Wouldn’t it make the most sense for Sicilian businesspeople to *both* pledge not to pay tribute to the Mafia and pay tribute to the Mafia? (The best way to do this probably being to keep it a secret from their fellow ‘addiopizzo’ non-payers.) And wouldn’t it make the most sense for the Mafia to sell these Addiopizzo stickers themselves (at a high price)? Both these possibilities seem to me more likely than the version that has the Mafia benevolently ignoring the non-payers.

Roy June 10, 2011 at 4:19 pm

No it wouldn’t make sense for the Mafia, when people appear to be getting away from making their contributions, the cost of collection will increase as other contributors misread the signal

PJ June 10, 2011 at 4:20 pm

Although I’ve experienced a variety of teaching methods in my time, I’ve never experienced any that rivaled that of a talented and intelligent person lecturing a class. When I hear about a new teaching method that is supposedly going to revolutionize how students learn it usually feels about the same as if I was hearing about the latest diet fad.

Andrew' June 10, 2011 at 4:25 pm

“I’ve never experienced any that rivaled that of a talented and intelligent person lecturing a class.”

What was that like?

Yancey Ward June 10, 2011 at 5:02 pm

Bravo!!

Foobarista June 10, 2011 at 6:28 pm

I’m sure if weasels are involved, the teaching methods will be quite invigorating…

IVV June 10, 2011 at 4:47 pm

#1. (1/20)

Yancey Ward June 10, 2011 at 5:02 pm

Have you ever tried carrying a live weasel?

King Cynic June 10, 2011 at 5:55 pm

The NY Times article on this science lecturing study pointed out several serious flaws. I really don’t understand how it got published:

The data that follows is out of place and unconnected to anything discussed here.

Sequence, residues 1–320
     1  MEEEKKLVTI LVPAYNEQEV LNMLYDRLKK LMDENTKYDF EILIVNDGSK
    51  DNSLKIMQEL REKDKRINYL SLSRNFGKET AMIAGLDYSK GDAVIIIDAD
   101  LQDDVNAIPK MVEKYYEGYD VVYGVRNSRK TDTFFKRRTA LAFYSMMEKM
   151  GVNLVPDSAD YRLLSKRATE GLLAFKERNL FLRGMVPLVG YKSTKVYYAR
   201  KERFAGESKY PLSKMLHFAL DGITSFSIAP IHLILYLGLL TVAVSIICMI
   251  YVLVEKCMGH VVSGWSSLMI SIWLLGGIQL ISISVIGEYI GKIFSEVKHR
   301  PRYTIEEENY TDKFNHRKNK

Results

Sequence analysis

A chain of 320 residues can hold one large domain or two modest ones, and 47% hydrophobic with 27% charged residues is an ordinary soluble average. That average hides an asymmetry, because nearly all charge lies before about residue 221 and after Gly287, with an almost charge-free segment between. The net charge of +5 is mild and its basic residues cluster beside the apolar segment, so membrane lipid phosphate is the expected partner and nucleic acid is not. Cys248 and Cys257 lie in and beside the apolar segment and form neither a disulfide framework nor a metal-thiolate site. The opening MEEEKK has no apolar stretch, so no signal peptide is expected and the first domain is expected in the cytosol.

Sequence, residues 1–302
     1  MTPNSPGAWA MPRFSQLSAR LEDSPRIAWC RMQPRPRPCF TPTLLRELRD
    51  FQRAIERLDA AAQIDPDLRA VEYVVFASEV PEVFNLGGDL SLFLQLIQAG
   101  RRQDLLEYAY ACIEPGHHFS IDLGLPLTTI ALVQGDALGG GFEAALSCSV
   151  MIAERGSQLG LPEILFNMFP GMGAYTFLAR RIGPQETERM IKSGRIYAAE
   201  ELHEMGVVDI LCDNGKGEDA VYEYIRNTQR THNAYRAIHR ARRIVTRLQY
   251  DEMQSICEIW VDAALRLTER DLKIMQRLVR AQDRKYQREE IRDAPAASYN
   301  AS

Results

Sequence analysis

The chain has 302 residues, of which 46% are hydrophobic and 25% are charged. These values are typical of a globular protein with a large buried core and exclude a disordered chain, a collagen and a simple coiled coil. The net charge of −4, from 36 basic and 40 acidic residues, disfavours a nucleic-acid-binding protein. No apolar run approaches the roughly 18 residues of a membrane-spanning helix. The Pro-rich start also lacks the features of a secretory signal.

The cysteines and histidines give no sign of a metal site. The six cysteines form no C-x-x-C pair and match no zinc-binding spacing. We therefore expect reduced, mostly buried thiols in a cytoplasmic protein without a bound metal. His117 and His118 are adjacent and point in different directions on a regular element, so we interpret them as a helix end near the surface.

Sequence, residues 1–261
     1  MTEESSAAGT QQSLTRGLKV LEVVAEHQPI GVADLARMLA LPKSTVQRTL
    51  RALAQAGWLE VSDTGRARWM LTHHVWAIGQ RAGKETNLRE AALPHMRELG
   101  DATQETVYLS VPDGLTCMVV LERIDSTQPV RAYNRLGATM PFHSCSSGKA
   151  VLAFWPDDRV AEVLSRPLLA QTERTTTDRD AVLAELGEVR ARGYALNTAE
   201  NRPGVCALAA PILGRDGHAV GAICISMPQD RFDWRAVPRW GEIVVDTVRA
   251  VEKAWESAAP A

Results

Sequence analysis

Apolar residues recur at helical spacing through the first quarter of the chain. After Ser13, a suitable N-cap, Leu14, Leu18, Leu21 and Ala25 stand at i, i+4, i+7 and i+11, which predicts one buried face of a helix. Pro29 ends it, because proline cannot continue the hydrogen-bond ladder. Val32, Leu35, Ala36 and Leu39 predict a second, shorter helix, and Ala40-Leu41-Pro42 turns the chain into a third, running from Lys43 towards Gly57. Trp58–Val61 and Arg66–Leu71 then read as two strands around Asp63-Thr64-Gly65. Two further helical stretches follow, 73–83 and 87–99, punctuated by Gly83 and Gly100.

http://www.nytimes.com/2011/05/13/science/13teach.html

King Cynic June 10, 2011 at 5:56 pm

This NY Times article details several flaws in that science teaching study. I really don’t understand how it got published.

http://www.nytimes.com/2011/05/13/science/13teach.html

jk June 10, 2011 at 6:36 pm

We all know what happens whenever there is a huge boom in construction and an “insatiable demand” for something…

nostrum June 10, 2011 at 8:36 pm

#4

Should we abolish formal lecturing, Tyler and Alex will have two choices: either to blong overtime or to consume more liesure in states where liesure consumption tax are attractive.

nostrum June 10, 2011 at 8:37 pm

Should we abolish formal lecturing, Tyler and Alex will have two choices: either to blog overtime or to consume more leisure in states where leisure consumption taxes are attractive.

Kevin June 11, 2011 at 12:08 am

The flaws the NYT article details about the study detailed in item 4. are the same kinds of flaws one can cite in most early studies of intervention techniques: subject dropout, less than perfect controls, potential investigator bias. BFD. That’s why studies that show dramatic results don’t get ignored, they get replicated in other settings, with additional controls. As someone with a couple of graduate degrees, and as someone who has taught in a variety of settings on a variety of subjects over the years, the study’s findings sound all too obvious. Of course an interactive, fluid, and hands-on approach will crush the kind of massive lecture-hall teaching that dominates our schools. The problem, I suspect, won’t be replicating these findings. It will be changing a system that has a vested interest in not changing.

I get the feeling a lot of skeptics about these results are actually groaning at the thought that they’ll actually need to engage their students instead of talking at them for 50 minutes at a time.

RR June 11, 2011 at 4:38 am
BS Buster June 11, 2011 at 10:47 am

@Kevin,

It is a BFD. A Nobel Prizewinner is using his reputation (NOT gained for his expertise as an instructor) to bully people into changing the way they teach, based on flawed studies, while in fact little evidence exists that this approach really is any better than lecturing. And all you can do is appeal to anecdotes and tell us that we don’t actually need evidence?

Come back when you have a methodologically correct study on large groups that has been reproduced several times.

Kevin June 11, 2011 at 12:53 pm

@ BS,